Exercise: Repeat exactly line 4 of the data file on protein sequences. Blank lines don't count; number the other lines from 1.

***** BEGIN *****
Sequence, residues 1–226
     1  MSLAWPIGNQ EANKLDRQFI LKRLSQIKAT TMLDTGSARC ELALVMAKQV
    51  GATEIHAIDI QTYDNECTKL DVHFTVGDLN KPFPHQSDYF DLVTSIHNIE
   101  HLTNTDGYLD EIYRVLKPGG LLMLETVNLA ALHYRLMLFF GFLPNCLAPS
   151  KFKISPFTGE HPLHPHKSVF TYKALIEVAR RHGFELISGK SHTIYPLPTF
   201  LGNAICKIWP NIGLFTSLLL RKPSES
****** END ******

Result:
   101  HLTNTDGYLD EIYRVLKPGG LLMLETVNLA ALHYRLMLFF GFLPNCLAPS